Quality Pencils in the Classroom: An Interview with Teacher William Maguire

Quality PencilsA few weeks ago, I had the opportunity to sit down with William Maguire, a teacher from Rowley, Massachusetts who has a very special classroom program involving pencils. At the beginning of every school year, William gives each student a wooden pencil box filled with Golden Bear, Prospector and ForestChoice pencils, erasers and a sharpener. Throughout the year, if any of his students do something above and beyond, he lets them choose any pencil from his pencil chest as a reward. Read on to find out more about how he’s creating a new generation of pencil-obsessed and the effect quality pencils have on students in the classroom. 

 Quality Pencils in the Classroom

Can you briefly explain your use of pencils in the classroom for our readers?

After a few dark years of third grade pencil purgatory, I finally wised up and decided to order some decent pencils (Natural Prospectors and Golden Bears). My goal was to not only eliminate pencils as a distraction, but also make them a positive focus in the classroom. To that end, I use pencils when I’m making up a practice problem for sentence structure or multiplication. Massachusetts pencil patrons Joseph Dixon, William Munroe, and Henry David Thoreau make excellent biographical studies, a third grade requirement. Additionally, in third grade we introduce cursive and I spend a good amount of time reviewing proper posture, grip, and technique. I’ve also been able to match each student with the type of pencil best suited for his or her grip and confidence; jumbo, triangular, hex, whatever works best. And since I make a big deal about the importance of pencils, incorporating character education lessons is a cinch. Respect and responsibility tie directly to the nice pencils and pencil boxes they now own.

What results have you seen from this program?

My students are now ready to work when I need them to be. They have a greatly heightened sense of respect for their own property as well as other’s. Writing is now approached with greater willingness because it involves using a favorite pencil and maybe a story from me about how many pencils Steinbeck used in a day when he was writing (Thanks! Pencils.com). Cursive has always been an easy sell to third graders, but now many of them reserve their favorite pencil exclusively for cursive. They get pretty excited to use it.

How do the students respond to the program?

They can talk pencils all day now. They obviously also bring their interest home and hit their parents up for any old or unusual pencils they might have. I’ve seen some interesting old pencils come into the classroom. Ironically, in a way I have simply replaced one annoyance (constant pencil sharpening) with a new annoyance, constant pencil questions. A happy tradeoff, however.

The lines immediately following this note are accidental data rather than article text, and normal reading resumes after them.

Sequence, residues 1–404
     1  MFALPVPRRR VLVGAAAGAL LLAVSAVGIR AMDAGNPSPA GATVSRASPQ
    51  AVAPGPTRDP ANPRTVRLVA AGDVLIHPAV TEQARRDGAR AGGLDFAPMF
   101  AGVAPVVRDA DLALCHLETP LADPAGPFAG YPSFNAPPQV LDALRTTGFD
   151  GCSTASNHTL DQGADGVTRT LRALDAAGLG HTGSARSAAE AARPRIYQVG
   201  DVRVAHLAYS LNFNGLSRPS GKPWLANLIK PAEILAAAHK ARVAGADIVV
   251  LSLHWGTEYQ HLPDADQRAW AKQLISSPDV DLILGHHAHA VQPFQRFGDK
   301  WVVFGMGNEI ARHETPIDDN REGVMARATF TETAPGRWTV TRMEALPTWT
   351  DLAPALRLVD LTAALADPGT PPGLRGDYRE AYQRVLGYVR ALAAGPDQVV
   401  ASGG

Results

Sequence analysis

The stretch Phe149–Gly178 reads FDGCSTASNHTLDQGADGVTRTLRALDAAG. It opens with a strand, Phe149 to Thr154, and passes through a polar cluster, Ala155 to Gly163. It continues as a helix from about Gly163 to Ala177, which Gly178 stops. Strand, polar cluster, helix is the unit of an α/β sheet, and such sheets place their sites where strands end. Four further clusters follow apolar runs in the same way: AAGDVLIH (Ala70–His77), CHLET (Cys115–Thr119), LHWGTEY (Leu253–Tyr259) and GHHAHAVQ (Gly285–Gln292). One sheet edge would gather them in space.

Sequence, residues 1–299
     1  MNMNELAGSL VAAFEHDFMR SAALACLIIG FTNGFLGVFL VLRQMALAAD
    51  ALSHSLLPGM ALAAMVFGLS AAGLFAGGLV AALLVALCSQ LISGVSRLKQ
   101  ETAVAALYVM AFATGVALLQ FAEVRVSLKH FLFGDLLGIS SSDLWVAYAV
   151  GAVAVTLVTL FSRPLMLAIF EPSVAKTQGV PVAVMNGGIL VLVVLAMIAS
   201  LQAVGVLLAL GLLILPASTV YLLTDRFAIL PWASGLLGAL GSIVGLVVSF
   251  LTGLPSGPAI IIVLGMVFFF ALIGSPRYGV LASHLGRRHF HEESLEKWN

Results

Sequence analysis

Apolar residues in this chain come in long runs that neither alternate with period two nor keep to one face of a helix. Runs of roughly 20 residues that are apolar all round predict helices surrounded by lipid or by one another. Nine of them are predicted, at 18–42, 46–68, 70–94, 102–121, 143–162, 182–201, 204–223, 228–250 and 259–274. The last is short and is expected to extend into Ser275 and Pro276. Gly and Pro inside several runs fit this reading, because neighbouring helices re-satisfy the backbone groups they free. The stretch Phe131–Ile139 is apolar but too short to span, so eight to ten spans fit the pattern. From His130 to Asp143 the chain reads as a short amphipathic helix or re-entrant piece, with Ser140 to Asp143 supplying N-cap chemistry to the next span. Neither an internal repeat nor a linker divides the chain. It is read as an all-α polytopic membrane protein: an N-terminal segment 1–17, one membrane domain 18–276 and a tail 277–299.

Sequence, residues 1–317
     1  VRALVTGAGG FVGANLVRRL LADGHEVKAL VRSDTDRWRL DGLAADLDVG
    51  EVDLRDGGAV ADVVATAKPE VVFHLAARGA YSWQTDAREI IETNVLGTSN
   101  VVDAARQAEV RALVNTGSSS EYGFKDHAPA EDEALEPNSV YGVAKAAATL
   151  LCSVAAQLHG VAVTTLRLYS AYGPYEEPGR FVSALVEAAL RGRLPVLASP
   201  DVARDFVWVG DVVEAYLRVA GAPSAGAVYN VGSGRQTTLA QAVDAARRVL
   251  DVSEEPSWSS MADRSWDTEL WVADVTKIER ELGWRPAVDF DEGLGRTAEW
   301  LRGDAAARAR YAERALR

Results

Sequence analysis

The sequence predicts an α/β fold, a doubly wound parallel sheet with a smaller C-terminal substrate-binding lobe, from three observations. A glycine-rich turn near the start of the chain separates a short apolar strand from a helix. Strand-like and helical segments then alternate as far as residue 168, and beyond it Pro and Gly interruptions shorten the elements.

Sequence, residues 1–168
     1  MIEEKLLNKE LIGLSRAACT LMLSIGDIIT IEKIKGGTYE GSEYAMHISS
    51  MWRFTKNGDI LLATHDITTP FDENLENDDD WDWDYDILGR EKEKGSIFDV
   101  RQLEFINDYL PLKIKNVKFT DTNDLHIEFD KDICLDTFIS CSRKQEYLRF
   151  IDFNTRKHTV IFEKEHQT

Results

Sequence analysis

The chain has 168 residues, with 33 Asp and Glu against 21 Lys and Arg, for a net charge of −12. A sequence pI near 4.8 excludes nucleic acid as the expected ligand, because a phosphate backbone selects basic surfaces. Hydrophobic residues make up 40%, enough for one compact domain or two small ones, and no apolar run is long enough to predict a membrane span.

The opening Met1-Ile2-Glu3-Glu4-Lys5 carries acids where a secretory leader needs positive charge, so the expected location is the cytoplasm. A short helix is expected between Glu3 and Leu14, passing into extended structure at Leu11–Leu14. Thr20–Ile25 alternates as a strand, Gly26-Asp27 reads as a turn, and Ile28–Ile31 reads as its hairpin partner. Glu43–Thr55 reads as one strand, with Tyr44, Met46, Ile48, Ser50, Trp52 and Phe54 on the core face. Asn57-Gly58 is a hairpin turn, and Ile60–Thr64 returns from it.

What types of pencils do you keep in your pencil chest?

The chest is meant to be the slightly mysterious epicenter of our pencilverse. I have some older pencils I inherited from an uncle: Hardtmuth,  Eberhard Faber, Venus, Wallace, etc. as well as Blackwing, Palomino, Tombow, Musgrave, Mongol, Semi-Hex, and all sorts of ForestChoice, Prospector, and Golden Bears. Nothing terribly precious, but every pencil has a story worth repeating.

What has been the most popular pencil pulled from your pencil chest?

For the kids who have struggled at times with penmanship, the Spangle Mini Jumbo and triangular Golden Bear have been very popular. The status conscious crowd loves the 602s. The real sophisticates favor a Palomino.

Do you have a favorite pencil?

Depends. When I feel foppish, I don a Blackwing 602 with a pink hat (for the pencil, not me.) Serious business calls for a Palomino. But I have to admit, I love finding a real quality pencil I can afford in bulk. So I’m digging Golden Bears the most right now.

What do you think the pencil’s role is in the classroom and in education in general?

My perseverating on pencils serves to shock and jolt the students in an important way. When they see how much attention I pay to a small detail like a pencil, they start to understand the importance of all steps in a process. They are less likely to rush simply to finish an assignment, and the process becomes more important than the product. Since, typically, third graders are a little short on the metacognitive and simply worry about what the teacher wants at the end, the whole pencil “thing” effectively prepares students to produce their best through all phases of a task. This results in better results and students who take greater pride in their work and exude more confidence.

For the teacher, it always helps to have an anchor or two, something one can turn to at any time to help clarify a point. Pencils are my classroom anchor. With pencils, I can plan a lesson, start an activity, or use the remaining pencils in a gross to illustrate a math problem.

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